The University of Arizona Museum of Art and Archive of Visual Arts

Ways of Knowing in the Renaissance

Heyden, Pieter van der. Superbia (Pride), 1557
Cranach, Lucas, the elder. The First Tournament, 1506
Raimondi, Marcantonio. Il Morbetto (The Plague or The Plague of Phrygia), 1516
Lucas van Leyden. The Poet Virgil Suspended In A Basket, 1525
Hogenberg, Francis. City Plans of Mexico, 1572
Bruegel, Pieter, I. The Seven Virtues: Fides (Faith), 1559
Saenredam, Jan. Eve Giving Adam the Forbidden Fruit, 1604
Boyvin, Rene. Médée, poursuivie par Jason, s'enfuit (Flight of Medea, Pursued by Jason), 1563
Aldegrever, Heinrich. The Good Samaritan: Robbers Surprising a Man, 1554
Aldegrever, Heinrich. The Good Samaritan Treating His Wounds with Oil and Wine, 1554
Passe, Crispijn de, I. Terra (Earth), 1590
Coecke van Aelst, Pieter, the elder. Les Moeurs et Fachons de Faire De Turcs (The Customs and Fashions of the Turks), 1530-1538
Galle, Theodor. Gun Powder, 1580
Goltzius, Hendrik. The Venetian Ball, 1584

Graduate Student Research on Prints from the UAMA Collection

February 23 – June 2, 2013

In my seminar held in fall semester 2012, I worked with graduate students from the programs in Art History and in the Division of Late Medieval and Reformation Studies (Department of History). Together we explored the theoretical and practical processes at work in the production of knowledge in early modern prints. We also critically interrogated the theoretical and practical processes implemented by modern scholars in creating contemporary knowledge about the past. In our explorations, we discovered over and over again that “ways of knowing” always also meant “ways of interpreting” and that, in the study of art and history, the philosophical branches of epistemology and hermeneutics were thoroughly intertwined. The ultimate goal of the seminar was for the students to bring their methodological and historical insights to bear on some of the Renaissance prints in the University of Arizona Museum of Art’s collection. This exhibition offers a view onto their research. Study of the prints selected by the students suggests ways of knowing about early modern gender roles, human behavior, confessional and social identities, “foreign” places and customs, technology, nature and history. Critically engaging with the ways in which nature, culture, society, and technology were given shape and understood in the past will hopefully cause us to reflect on how we understand these same phenomena in our present, and on what actions we take based on that understanding. For the students, the seminar and its associated research were also about becoming aware of the ways they, as young scholars working in their respective disciplines, constructed and articulated knowledge about the past, and thus about becoming aware of their own roles in academic scholarship and in history itself.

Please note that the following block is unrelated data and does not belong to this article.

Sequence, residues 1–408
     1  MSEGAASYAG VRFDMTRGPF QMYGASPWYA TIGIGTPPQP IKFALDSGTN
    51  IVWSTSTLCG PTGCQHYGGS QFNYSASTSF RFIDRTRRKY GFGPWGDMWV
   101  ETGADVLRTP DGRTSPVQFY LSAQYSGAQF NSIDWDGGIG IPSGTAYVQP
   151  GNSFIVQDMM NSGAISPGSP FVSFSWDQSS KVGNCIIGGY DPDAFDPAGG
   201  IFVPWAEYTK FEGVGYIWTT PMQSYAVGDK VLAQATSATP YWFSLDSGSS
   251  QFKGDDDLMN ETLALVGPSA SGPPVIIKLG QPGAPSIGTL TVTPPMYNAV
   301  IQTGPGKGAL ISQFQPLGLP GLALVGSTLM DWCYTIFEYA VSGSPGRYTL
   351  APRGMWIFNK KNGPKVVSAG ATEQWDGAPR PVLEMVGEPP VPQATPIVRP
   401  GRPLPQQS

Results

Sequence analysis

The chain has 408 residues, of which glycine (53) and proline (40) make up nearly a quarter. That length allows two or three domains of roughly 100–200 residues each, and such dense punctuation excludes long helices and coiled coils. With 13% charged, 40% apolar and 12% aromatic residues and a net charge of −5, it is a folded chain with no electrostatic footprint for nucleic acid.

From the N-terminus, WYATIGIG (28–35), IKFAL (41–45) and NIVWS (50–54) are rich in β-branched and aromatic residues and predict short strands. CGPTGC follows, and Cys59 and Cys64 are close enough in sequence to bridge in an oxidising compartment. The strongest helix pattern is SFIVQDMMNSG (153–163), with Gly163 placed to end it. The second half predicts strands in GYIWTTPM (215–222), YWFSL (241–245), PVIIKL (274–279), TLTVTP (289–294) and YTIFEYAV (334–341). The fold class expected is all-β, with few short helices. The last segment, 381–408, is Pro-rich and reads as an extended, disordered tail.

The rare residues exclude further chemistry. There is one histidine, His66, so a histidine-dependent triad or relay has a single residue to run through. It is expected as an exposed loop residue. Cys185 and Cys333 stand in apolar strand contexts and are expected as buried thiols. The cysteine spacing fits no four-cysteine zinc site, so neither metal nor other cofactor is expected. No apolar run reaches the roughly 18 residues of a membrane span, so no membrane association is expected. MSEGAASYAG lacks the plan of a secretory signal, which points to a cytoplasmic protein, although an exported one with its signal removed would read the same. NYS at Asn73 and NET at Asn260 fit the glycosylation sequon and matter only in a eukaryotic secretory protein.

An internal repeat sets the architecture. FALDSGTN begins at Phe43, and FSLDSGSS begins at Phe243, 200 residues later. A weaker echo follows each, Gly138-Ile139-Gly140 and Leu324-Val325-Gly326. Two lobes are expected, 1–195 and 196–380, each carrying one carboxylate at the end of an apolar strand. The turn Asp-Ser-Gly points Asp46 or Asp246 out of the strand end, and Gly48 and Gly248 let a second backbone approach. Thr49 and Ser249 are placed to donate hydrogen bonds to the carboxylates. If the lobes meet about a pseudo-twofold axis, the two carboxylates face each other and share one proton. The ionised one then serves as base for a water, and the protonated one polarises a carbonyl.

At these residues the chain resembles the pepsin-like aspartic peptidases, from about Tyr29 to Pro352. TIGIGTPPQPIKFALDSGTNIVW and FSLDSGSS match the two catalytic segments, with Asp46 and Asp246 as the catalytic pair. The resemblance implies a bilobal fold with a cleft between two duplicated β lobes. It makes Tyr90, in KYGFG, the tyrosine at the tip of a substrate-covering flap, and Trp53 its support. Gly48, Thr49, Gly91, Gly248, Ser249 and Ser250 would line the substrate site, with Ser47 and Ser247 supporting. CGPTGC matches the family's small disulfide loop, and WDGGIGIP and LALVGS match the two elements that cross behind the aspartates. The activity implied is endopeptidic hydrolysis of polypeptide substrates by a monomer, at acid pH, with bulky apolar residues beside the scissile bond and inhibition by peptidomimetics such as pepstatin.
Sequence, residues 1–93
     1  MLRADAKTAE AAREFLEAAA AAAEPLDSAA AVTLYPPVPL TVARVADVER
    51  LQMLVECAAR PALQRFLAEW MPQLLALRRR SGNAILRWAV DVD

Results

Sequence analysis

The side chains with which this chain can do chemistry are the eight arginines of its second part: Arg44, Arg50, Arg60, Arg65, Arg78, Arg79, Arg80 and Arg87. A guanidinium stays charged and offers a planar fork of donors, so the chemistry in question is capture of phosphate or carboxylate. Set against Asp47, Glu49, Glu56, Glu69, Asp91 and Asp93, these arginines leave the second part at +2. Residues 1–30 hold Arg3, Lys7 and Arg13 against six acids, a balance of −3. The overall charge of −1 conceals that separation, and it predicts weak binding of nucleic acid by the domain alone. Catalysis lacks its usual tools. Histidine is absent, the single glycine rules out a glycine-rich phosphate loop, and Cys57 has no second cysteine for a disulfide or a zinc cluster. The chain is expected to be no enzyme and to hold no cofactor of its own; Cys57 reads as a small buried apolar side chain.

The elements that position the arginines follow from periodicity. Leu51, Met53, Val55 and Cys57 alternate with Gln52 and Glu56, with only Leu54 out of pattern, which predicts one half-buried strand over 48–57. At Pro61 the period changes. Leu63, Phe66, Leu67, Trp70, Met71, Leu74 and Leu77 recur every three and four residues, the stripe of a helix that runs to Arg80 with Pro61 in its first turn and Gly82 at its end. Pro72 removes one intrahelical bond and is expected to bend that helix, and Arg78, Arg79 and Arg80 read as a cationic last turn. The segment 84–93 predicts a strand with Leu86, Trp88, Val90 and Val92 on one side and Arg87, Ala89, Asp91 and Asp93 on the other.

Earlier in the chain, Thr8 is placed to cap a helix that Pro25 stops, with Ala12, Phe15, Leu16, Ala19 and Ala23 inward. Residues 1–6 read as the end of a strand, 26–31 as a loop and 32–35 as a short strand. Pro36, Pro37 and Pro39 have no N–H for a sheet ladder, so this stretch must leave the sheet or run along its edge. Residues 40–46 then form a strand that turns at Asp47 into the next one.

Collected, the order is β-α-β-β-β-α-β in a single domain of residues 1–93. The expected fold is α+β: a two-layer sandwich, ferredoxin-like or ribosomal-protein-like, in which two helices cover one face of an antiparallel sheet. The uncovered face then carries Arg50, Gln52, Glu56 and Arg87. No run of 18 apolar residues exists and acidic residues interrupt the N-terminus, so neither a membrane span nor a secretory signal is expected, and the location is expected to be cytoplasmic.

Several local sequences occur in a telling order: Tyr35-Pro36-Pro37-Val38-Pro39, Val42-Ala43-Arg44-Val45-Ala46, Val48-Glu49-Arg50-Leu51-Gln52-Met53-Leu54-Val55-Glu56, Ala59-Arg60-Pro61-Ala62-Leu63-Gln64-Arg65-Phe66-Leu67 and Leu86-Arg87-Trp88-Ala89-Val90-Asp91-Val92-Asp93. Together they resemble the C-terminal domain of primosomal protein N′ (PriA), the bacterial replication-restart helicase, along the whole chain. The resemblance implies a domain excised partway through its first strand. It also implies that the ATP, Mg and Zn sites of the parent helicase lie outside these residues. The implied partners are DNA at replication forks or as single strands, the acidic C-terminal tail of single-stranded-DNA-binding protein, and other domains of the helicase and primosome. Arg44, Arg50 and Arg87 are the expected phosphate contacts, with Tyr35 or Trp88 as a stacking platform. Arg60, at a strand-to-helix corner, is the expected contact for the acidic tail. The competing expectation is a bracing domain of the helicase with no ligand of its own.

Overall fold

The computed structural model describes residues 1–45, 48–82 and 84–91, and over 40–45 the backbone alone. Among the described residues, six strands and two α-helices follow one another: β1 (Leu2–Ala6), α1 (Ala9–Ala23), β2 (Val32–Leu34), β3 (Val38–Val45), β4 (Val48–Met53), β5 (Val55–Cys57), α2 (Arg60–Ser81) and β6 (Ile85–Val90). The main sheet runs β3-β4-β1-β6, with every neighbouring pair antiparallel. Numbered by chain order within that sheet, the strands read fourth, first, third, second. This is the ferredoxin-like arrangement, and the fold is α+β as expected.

Pia F. Cuneo
Professor, History of Art
Division of Art History, School of Art